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Flea Beetles


Flea beetles are tiny pests that take tiny bites, but collectively they can do some damage to garden plants.
Flea beetle.

Flea beetle.

Russ Ottens, University of Georgia, Bugwood.org

Description: With the exception of the larger spinach flea beetles, these pests are tiny, measuring just a few millimeters long. Most species are dark colored, and many have a metallic shine. Flea beetles are so named for their ability to jump when disturbed; they have large hind legs that give them a surprising vertical leap.

Life cycle: Adult flea beetles overwinter in leaf litter, garden debris, or other sheltered places. As temperatures begin rising in spring, the adults emerge and locate suitable host plants on which they feed. Some flea beetles will feed on weeds until garden crops are available. In late spring, female flea beetles lay eggs in the soil around the base of host plants. Tiny larvae feed on roots and root hairs for about a month, and then pupate in the soil. Multiple generations of flea beetles may occur in many areas.

Crops damaged: Corn, cucumbers, squash, melons, pumpkinds, gourds, eggplant, potatoes, tomatoes, cabbage, lettuce, celery, radishes, peppers, spinach, sweet potatoes, carrots, watermelon, and others depending on flea beetle species.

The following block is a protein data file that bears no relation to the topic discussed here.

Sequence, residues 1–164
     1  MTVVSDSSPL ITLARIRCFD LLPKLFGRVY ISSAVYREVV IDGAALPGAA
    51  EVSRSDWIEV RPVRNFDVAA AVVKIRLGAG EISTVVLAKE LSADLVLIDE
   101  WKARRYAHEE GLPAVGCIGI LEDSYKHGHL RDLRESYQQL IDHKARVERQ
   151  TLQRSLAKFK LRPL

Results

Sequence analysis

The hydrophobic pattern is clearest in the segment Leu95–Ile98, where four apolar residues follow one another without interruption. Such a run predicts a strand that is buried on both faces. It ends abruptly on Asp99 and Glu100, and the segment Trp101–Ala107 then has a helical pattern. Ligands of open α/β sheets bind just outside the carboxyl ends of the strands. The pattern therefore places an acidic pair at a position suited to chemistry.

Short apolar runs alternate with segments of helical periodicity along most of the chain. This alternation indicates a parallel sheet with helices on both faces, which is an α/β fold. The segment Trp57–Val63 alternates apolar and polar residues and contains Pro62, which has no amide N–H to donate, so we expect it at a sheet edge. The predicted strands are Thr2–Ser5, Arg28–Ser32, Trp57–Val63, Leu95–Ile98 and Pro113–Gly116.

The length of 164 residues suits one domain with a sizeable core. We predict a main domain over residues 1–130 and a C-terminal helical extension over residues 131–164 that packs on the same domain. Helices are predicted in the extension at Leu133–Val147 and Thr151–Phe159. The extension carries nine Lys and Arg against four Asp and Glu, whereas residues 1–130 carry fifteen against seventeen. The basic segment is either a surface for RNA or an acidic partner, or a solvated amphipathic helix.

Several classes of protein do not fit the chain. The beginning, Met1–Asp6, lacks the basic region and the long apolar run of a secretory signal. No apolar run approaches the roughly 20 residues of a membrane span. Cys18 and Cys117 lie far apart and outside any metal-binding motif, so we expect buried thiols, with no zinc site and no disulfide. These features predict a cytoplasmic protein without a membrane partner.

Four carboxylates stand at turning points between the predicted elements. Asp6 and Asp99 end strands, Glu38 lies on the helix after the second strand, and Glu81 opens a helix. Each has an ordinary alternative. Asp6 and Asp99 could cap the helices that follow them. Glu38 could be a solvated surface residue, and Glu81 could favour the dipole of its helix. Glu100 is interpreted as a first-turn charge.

Signs and symptoms: Numerous small holes in plant foliage, giving leaves a buckshot-ridden appearance. Stunted or wilting seedlings. Blemished or pimples root crops.

Control measures:

  • Keep the garden free of weeds, especially in early spring when emerging adult flea beetles are looking for food.
  • Plant transplants instead of seeding directly, and the larger the better. Seedlings and small transplants are most susceptible to flea beetle damage.
  • Use barriers – row covers or cheesecloth – on young plants to prevent flea beetles from feeding on them.
  • Delay planting until later in the season, especially after mild winters. Early season flea beetles do the most damage, and will be more abundant if the winter weather wasn't cold enough to kill them.
  • Use yellow sticky traps, available at home and garden centers, to monitor for flea beetles in the garden.
  • Plant an early trap crop – radishes work well – to lure the flea beetles away from your more desired garden vegetables.
  • At season's end, clear the garden of all debris and pull any weeds to minimize overwintering by adult flea beetles.

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